From Quartszite, we headed fifty miles to Lake Havasu and stopped at Buckskin Mountain Campground to fill up with water and to dump.  There is free WiFi and good cell coverage here.   It’s a beautiful location and great stop for paddle boarding and great hikes and trail runs right from the campground. There are 68 campsites, 30 with electric, all with picnic tables and fire pit/grills and you must reserve online ahead of time. We really liked this spot and will come back, it is spendy at $35 but coming from Quartzsite you need to dump and refill water and it is a good middle point before Lake Havasu and less people than the state park in Lake Havasu.  You will also find since there is a drought there are no free water fill areas in Lake Havasu, many of the grocery stores have the water fill stations you pay for potable filtered water but will need to fill 5–6-gallon containers and do gravity fill. We stayed here one night and would be willing to come back here.  Since we prefer non-campgrounds that is why we only stayed 1 night.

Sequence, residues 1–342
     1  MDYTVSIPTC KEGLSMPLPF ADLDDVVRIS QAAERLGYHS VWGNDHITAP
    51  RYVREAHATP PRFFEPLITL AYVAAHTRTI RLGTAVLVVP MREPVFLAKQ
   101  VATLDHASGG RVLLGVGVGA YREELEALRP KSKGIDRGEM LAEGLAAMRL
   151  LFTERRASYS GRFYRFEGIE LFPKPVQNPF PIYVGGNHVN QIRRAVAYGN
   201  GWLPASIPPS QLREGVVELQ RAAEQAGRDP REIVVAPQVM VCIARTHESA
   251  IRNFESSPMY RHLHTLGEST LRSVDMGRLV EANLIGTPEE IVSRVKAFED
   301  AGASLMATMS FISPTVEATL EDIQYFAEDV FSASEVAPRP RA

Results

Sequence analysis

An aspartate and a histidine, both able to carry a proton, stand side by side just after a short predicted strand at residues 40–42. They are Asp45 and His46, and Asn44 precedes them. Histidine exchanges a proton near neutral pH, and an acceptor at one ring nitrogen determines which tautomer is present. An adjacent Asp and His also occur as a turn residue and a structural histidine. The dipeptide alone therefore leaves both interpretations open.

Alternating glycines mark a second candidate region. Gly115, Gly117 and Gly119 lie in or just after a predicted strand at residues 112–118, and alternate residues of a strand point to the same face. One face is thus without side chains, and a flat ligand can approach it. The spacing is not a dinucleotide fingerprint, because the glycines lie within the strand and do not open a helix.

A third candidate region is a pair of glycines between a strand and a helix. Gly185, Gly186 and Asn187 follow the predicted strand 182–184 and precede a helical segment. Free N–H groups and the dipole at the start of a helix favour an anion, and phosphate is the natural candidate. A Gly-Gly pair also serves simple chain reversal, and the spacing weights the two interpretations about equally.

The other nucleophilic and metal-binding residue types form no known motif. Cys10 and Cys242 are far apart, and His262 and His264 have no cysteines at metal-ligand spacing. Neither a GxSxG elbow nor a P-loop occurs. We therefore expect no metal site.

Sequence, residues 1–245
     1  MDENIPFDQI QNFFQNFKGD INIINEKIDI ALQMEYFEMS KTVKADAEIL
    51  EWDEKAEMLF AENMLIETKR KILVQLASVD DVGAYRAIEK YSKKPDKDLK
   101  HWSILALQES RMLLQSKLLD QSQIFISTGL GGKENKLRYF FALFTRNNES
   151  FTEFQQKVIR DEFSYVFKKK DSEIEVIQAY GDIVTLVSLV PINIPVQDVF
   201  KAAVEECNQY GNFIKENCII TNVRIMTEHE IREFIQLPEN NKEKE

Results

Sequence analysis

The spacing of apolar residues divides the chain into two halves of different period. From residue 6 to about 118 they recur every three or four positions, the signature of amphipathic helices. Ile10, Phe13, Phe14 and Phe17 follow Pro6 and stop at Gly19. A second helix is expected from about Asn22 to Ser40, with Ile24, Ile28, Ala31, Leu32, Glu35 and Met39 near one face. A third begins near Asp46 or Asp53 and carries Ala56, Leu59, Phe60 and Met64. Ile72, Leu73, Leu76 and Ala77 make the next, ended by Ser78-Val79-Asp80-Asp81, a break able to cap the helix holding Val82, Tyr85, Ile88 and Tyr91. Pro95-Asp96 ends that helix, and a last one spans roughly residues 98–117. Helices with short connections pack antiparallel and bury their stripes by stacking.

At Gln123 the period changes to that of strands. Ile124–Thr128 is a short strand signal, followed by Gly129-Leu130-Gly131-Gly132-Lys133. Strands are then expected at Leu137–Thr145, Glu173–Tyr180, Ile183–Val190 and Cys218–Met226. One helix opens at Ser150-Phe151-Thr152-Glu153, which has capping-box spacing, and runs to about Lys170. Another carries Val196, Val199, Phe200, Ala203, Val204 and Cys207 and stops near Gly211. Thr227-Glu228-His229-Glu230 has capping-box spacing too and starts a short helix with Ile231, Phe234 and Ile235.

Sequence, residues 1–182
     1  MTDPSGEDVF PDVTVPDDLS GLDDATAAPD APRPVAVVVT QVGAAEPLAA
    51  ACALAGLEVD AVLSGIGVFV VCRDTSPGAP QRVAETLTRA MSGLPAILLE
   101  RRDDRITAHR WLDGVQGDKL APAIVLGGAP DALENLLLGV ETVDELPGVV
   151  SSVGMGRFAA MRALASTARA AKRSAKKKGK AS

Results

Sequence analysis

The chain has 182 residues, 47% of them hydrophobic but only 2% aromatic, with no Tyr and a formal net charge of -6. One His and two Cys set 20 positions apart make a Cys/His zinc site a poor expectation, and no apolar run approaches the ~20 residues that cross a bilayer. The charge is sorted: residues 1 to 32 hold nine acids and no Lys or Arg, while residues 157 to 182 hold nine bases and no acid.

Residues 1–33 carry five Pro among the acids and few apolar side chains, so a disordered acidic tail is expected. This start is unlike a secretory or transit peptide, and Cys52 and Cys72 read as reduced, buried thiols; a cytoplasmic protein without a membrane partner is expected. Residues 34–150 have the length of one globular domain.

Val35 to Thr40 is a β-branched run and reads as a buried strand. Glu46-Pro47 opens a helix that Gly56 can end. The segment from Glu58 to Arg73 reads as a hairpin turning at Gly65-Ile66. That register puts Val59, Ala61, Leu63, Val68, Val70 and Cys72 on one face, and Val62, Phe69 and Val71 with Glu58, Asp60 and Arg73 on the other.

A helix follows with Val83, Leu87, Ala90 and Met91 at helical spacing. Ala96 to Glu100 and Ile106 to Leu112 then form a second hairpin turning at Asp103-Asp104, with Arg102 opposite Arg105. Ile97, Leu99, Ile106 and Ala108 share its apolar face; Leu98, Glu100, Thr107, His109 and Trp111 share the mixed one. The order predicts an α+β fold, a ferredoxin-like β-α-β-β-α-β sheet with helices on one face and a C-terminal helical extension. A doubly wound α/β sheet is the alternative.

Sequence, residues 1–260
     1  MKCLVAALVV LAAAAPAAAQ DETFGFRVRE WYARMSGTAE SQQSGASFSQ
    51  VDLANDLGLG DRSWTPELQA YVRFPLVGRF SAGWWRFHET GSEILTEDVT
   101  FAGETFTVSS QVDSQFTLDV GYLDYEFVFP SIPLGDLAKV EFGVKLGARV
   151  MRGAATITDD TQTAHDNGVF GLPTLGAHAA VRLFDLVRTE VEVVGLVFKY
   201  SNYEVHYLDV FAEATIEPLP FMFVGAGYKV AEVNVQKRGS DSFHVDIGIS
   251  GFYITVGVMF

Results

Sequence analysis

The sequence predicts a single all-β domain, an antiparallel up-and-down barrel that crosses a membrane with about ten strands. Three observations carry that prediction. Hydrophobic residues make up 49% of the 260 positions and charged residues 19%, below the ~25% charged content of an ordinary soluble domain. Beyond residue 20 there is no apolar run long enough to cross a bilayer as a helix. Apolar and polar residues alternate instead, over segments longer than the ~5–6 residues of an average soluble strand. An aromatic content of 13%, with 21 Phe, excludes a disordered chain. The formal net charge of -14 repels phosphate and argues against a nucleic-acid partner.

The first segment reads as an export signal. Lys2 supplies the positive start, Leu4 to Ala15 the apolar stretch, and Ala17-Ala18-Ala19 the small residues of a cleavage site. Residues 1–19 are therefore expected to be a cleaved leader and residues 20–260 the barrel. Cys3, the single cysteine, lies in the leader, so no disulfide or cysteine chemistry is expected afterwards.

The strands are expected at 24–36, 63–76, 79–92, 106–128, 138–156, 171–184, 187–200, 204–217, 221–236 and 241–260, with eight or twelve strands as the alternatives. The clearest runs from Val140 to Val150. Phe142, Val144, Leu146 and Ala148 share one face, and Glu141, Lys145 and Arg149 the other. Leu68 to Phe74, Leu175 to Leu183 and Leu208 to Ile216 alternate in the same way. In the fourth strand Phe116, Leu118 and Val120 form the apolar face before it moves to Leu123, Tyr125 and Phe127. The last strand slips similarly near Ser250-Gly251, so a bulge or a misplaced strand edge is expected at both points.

Next, we traveled 36 miles to Craggy Wash (GPS: 34.5863, -114.364586) in Lake Havasu.  There are several areas you can boondock for 14 days.  Craggy Wash used to be one of our favorite free spots but it has become over run with homeless and people pretty down and out.  Depending on the time of year there is great trail running and mountain biking but in November it is pretty deep sand making mountain biking difficult.  Also, with a lot of the homeless, mentally ill, not the most-friendly dogs off leash and folks sporting side arms on their hips as a woman I did not feel too comfortable running by myself.  We used to love this spot but I don’t think we will be back, we only stayed 2 days. 

We were excited to explore the Lake Mead National Recreational Area, our first stop was Katherine Landing which is about 66 miles from Craggy Wash.  There is WiFi and cell coverage and with an Access Pass it was only $10 a night.  There is first come first serve spots and only two of the loops are open during COVIOD19 and winter.  Each spot has a picnic table and firepit.  There is water and a RV dump no electrical. There are several hikes and you can head down to the marina to paddleboard or rent water equipment like kayaks, paddleboards fishing boats, etc.  When we were there it was way too windy, we just did a few hikes.  We spent 2 days here and will come back.